John Volz: What constitutes an effective board of directors? | TheUnion.com

John Volz: What constitutes an effective board of directors?

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John Volz

Over the past few months, I've written opinion pieces that generally address what many perceive to be the Nevada Irrigation District's shortcomings.

For the most part I have focused on the issues, not on solutions or a vision for the future. Solving problems and creating change start with an organization's board of directors. Accordingly, I think it's time to address what an effective NID board of directors should look like (incidentally, the principles I'm suggesting are applicable to all public agency boards, not just NID's).

The areas of focus of an effective board generally fall into four categories:

Set the organization's strategic direction

Rather than view conflict and differences as trouble, the board should use these as an opportunity to search for common ground that leads to solutions.

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The primary responsibility of an effective board is to establish strategic goals and objectives, to make and approve policy within that strategic framework, to work together to assure that policies are followed, and to advocate for the organization within the established framework. Policy is not always complex: a board must have policies related to such seemingly simple things as approving the purchase of materials and vehicles. But other policy-related issues, such as property acquisition, environmental impact, and citizen grievances, can be much more complex. If a board has a well-established policy framework, however, decision-making about all issues, both simple and complex, becomes much easier.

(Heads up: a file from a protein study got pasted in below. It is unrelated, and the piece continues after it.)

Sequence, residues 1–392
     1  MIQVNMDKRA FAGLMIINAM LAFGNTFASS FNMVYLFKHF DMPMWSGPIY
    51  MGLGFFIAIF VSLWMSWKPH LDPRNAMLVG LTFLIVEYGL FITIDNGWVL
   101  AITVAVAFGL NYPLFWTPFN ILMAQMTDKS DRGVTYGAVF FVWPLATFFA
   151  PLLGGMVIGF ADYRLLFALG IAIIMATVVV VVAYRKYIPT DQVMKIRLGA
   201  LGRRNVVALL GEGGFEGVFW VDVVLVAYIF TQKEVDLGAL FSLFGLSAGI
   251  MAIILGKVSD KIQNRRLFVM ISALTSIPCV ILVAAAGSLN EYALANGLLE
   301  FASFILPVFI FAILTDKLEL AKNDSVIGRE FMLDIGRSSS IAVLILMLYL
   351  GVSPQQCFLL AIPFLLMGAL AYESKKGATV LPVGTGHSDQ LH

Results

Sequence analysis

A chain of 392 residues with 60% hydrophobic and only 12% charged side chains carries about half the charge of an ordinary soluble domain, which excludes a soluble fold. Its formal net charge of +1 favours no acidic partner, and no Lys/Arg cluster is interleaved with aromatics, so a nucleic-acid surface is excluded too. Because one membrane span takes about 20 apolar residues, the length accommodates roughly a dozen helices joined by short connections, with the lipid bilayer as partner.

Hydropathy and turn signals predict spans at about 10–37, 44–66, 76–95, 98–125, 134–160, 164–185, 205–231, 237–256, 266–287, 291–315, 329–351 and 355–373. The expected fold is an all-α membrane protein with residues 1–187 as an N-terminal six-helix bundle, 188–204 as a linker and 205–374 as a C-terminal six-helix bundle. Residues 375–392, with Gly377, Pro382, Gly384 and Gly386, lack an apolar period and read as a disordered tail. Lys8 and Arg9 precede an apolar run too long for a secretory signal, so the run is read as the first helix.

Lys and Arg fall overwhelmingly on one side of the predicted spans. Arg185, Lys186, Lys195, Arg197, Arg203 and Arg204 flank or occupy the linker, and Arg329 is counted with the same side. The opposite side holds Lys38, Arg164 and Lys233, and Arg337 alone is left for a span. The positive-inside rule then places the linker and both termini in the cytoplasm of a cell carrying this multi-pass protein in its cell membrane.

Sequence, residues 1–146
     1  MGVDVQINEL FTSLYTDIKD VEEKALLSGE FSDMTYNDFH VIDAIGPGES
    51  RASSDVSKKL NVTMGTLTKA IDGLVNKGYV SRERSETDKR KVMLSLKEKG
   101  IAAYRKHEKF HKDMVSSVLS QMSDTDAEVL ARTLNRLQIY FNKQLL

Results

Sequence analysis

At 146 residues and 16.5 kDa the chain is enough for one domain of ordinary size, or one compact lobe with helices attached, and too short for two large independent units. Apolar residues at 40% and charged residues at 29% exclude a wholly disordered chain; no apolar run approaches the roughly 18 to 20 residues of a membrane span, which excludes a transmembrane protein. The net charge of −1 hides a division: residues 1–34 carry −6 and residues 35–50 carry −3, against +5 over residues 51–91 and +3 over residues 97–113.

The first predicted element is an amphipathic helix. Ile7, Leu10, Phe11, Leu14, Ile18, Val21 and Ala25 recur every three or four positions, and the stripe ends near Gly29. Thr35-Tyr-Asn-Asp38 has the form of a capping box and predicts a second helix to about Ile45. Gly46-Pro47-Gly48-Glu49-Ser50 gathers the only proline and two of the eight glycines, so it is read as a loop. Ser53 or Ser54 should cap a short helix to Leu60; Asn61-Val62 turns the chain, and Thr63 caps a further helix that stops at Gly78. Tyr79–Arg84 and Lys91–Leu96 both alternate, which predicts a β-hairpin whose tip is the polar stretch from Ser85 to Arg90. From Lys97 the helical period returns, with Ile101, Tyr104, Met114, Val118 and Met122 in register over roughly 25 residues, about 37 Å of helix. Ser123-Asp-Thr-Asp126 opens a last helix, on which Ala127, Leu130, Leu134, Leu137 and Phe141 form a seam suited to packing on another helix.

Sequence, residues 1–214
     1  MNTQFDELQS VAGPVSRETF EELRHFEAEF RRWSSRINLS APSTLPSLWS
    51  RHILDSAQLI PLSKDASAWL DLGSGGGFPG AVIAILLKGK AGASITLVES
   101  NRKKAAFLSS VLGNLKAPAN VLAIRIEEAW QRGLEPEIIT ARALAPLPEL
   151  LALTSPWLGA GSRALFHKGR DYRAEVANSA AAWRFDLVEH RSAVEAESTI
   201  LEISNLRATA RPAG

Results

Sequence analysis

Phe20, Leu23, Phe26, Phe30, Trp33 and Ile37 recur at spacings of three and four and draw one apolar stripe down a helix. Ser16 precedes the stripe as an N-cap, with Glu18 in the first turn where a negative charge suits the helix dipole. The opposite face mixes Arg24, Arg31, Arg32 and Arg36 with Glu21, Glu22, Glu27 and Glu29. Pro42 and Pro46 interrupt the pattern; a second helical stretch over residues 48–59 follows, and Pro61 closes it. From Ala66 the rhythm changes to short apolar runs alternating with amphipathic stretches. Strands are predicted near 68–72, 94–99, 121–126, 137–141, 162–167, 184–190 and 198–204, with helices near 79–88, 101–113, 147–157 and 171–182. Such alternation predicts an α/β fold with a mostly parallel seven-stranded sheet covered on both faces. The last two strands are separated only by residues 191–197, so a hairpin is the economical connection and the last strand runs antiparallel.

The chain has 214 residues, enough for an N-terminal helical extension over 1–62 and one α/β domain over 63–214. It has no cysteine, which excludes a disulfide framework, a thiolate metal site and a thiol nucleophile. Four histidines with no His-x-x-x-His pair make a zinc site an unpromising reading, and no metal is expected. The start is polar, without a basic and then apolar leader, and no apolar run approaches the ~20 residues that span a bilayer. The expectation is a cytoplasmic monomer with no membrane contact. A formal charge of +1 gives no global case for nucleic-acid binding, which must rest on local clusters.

Establish, support effective management and board conduct

The board is responsible for supporting and reviewing the general manager's performance in accordance with established direction and policy, as well as for promoting and funding professional development for staff. As part of a team, board members cannot act independently; they must consider group dynamics while respecting the viewpoints of individual members.

All individual board members are responsible for the overall board's conduct, behavior, and professionalism.

Hold the organization accountable to its constituents

Board members must represent and be responsive to the interests and concerns of the constituents who voted them into office — including overseeing the provision of essential services and assuring financial accountability. It is critical that the community perceive the organization as conducting its business responsibly and effectively. A responsive board treats all community members with respect and dignity, even in the face of conflict or criticism. Rather than view conflict and differences as trouble, the board should use these as an opportunity to search for common ground that leads to solutions. When it comes to the community, the board should maintain a no secrets/no surprises approach to operations.

Serve as leaders who look out for the interests of their community

Board members should be the voice of their community. One of the key benefits of having a local district is local control. For example, the NID board has the opportunity to set precedent for new ways of thinking about conservation, current infrastructure, and future infrastructure. It must be vigilant and cautious when considering alliances with outside interests.

To best serve our community going forward, the NID board should focus on protecting our watershed, providing water and infrastructure for its citizens, maintaining water rights, and acting as stewards of the environment.

John Volz is a candidate for the NID Division 2 Board of Directors. He lives in Chicago Park.

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